It’s true that the Internet is often oriented around short attention spans: short videos, short articles, and short answers. And for those quick-hit sort of pages, it makes sense to be only served a single set of ad impressions. But if a page is a longer read (like an in-depth article or extended listicle), or is shorter but likely to be left open for a long time (like a recipe or other instructions that a user might keep open in a tab for quite a while), the original ads might swap out for a new batch after a while.
This process of cycling out ads after a requisite amount of time is known as “ad refresh,” and depending on your site, it might be a great way to optimize your monetization.
What is Ad Refresh?
Ad Refresh is a technique that allows publishers to increase the number of ad impressions served per pageview, by reloading ads for active users on-site after at least 30 seconds they were on the screen. Refreshing ad inventory enables publishers to update ad content without having to refresh the entire webpage.
What are the benefits of Ad Refresh?
Refreshing ad units is a surefire way to increase the size of your ad inventory. More impressions usually mean more money, so setting a unit to refresh offers an enticing opportunity to do that without adding more units to a page. Also, if any ads didn’t perform, e.g. via driving clicks, new ads might be more relevant to the user. Therefore, the main benefit of Ad Refresh is the potential to increase ad revenue by increasing impressions or clicks without increasing traffic or load time.
Are there any drawbacks of Ad Refresh?
As with most things related to ad monetization, the reality of Ad Refresh is a little more complex than simply switching it on and earning more revenue. Refreshing ad units can increase revenue, but it can also have the opposite effect – or even get you banned if you do it wrong.
Policy varies between AdSense and AdX when it comes to ad refresh: the short version is that AdSense is mostly against it, while AdX allows it as long as you declare it. Let’s look at both cases in more detail:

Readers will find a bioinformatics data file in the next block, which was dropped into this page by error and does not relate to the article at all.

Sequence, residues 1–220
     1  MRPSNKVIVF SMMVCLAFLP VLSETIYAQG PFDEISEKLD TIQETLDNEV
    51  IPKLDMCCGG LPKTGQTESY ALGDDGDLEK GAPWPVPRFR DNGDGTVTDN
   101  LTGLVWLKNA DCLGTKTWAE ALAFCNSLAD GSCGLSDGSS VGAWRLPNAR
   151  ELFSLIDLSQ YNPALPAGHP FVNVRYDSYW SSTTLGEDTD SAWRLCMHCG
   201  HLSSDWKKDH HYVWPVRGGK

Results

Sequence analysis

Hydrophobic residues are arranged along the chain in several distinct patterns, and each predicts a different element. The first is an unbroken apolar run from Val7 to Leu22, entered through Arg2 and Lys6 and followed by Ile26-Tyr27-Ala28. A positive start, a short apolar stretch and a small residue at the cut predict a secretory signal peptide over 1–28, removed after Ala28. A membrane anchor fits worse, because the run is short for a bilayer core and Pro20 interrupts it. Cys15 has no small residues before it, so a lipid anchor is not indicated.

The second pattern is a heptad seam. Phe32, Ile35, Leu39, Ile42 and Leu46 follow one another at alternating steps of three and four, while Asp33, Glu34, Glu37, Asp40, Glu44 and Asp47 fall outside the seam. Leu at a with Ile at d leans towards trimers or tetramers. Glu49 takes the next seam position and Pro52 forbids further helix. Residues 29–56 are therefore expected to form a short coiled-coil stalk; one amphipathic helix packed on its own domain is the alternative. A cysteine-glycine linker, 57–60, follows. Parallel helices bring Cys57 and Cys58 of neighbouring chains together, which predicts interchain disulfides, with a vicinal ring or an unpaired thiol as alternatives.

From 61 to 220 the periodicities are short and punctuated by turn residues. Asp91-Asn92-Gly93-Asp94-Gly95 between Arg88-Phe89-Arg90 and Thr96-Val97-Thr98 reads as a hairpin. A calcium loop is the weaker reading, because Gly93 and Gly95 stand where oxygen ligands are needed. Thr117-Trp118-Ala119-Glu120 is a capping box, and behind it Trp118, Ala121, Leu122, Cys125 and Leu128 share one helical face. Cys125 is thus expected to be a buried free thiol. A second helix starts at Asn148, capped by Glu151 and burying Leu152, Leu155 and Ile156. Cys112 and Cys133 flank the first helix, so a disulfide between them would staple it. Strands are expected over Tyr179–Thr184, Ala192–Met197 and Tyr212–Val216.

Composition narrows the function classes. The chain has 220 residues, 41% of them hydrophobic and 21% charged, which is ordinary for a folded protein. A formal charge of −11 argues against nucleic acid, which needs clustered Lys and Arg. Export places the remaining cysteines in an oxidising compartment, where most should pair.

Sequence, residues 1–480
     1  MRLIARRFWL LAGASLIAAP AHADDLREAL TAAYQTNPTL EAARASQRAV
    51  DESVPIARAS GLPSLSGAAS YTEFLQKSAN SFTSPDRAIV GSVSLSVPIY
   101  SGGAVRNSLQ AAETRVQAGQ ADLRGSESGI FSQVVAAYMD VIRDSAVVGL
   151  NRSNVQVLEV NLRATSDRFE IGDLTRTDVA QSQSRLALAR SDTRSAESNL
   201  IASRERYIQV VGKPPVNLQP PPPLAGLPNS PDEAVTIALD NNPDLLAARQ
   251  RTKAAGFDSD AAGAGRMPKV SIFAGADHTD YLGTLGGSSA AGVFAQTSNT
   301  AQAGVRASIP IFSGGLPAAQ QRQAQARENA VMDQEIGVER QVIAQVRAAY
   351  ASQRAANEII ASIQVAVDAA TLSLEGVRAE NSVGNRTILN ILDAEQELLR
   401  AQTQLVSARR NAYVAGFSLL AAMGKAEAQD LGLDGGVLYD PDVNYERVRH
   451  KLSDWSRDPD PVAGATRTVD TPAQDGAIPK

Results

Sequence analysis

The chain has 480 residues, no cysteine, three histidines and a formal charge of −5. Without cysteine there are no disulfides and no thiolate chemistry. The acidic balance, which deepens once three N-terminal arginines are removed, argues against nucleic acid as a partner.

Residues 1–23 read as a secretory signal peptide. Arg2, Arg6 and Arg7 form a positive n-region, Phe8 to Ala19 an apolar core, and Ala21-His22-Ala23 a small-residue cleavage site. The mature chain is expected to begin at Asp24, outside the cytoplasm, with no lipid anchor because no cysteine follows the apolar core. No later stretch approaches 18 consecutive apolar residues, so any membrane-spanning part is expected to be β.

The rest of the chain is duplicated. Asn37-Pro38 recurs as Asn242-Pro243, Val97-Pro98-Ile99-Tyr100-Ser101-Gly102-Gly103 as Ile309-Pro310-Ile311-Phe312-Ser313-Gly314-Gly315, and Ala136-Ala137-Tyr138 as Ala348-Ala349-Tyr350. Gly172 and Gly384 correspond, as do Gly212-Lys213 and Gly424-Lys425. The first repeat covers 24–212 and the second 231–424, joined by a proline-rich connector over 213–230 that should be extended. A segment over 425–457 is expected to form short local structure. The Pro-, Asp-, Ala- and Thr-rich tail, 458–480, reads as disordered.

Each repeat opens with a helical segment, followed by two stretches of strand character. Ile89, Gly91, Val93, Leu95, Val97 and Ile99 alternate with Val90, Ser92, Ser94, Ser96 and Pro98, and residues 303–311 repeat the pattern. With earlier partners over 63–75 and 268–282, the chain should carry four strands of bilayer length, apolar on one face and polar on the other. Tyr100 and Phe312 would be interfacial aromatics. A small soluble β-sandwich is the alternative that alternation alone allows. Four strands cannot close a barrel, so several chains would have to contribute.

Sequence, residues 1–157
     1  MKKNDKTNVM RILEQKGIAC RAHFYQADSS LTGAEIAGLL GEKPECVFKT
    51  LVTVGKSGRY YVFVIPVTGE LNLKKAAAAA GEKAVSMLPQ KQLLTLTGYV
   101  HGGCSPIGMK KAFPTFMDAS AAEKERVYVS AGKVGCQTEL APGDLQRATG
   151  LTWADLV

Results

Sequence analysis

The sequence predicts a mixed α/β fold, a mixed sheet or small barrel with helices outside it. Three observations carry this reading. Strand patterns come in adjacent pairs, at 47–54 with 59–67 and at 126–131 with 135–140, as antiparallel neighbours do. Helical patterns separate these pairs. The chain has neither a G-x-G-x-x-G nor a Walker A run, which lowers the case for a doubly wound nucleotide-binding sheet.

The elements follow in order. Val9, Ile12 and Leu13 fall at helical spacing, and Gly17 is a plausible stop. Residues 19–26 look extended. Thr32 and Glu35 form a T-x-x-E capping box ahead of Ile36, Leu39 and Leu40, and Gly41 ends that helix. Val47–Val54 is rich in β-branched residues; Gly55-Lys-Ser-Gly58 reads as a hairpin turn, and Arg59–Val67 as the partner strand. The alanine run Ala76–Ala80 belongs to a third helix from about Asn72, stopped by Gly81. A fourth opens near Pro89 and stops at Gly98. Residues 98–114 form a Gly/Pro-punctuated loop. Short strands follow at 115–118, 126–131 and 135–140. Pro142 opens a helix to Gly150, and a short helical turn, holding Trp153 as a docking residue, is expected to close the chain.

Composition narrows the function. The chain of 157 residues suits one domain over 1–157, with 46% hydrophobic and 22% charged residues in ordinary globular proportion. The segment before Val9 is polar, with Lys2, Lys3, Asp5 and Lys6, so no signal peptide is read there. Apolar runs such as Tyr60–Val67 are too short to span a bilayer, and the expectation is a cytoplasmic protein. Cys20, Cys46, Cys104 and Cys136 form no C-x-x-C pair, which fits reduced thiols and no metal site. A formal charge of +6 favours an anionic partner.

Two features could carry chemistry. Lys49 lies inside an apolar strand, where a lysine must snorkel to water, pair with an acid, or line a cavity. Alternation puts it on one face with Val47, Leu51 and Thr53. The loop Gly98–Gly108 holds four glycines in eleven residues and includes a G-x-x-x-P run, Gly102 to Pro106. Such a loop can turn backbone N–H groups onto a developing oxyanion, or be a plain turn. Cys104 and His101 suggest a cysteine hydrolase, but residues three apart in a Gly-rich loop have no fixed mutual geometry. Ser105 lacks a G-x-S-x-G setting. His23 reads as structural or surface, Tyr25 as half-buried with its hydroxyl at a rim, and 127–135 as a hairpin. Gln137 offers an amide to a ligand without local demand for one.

Refreshing AdSense ads
Generally, the rule here is “don’t refresh.” The exception is when the ad refresh is user-initiated. This means that you can load a new ad into a unit when the user interacts with the page, but can’t reload based just on elapsed time.
An example of a valid refresh would be triggering a new ad request as the user clicks through a slideshow. If that slideshow was automatic (requiring no user interaction) then the refresh wouldn’t be allowed. This is one reason why publishers opt for Ad Exchange over AdSense – read on.
The wording of some articles on the Google Ad Manager Help pages often confuses publishers on this issue, but AdSense policy is quite clear:
“Publishers are not permitted to refresh a page or an element of a page without the user requesting a refresh.”
Refreshing Google Ad Manager Ad Exchange ads
The Google Ad Manager Ad Exchange (AdX) provides more flexibility through the rules system. With AdX you can automatically reload or refresh ad units, as long as you declare that this is what you do. This declaration allows buyers to choose whether or not to have their ads appear in refreshing ad units. Failing to declare which portions of your inventory will auto-refresh is a violation of Google policy.
How to declare ad inventory that refreshes on Ad Exchange
The declaration can be made in by navigating to INVENTORY > AD EXCHANGE RULES > PUBLISHER DECLARATIONS then adding a “new display publisher declaration” to identify your refreshing inventory.
The declaration asks you to identify what triggers a refresh:
- User behavior: Ads only change based on a user-initiated navigation. There is no minimum refresh interval for ads triggered in this way. This method might apply to single-page applications that allow the user to navigate without loading a new URL.
- Event-driven content changes: Ads are refreshed based on custom events pre-defined by the publisher. Such triggers can only be used to refresh ads after a minimum of 30 seconds. For example, when a publisher refreshes a page with new content, this may trigger the ad to refresh.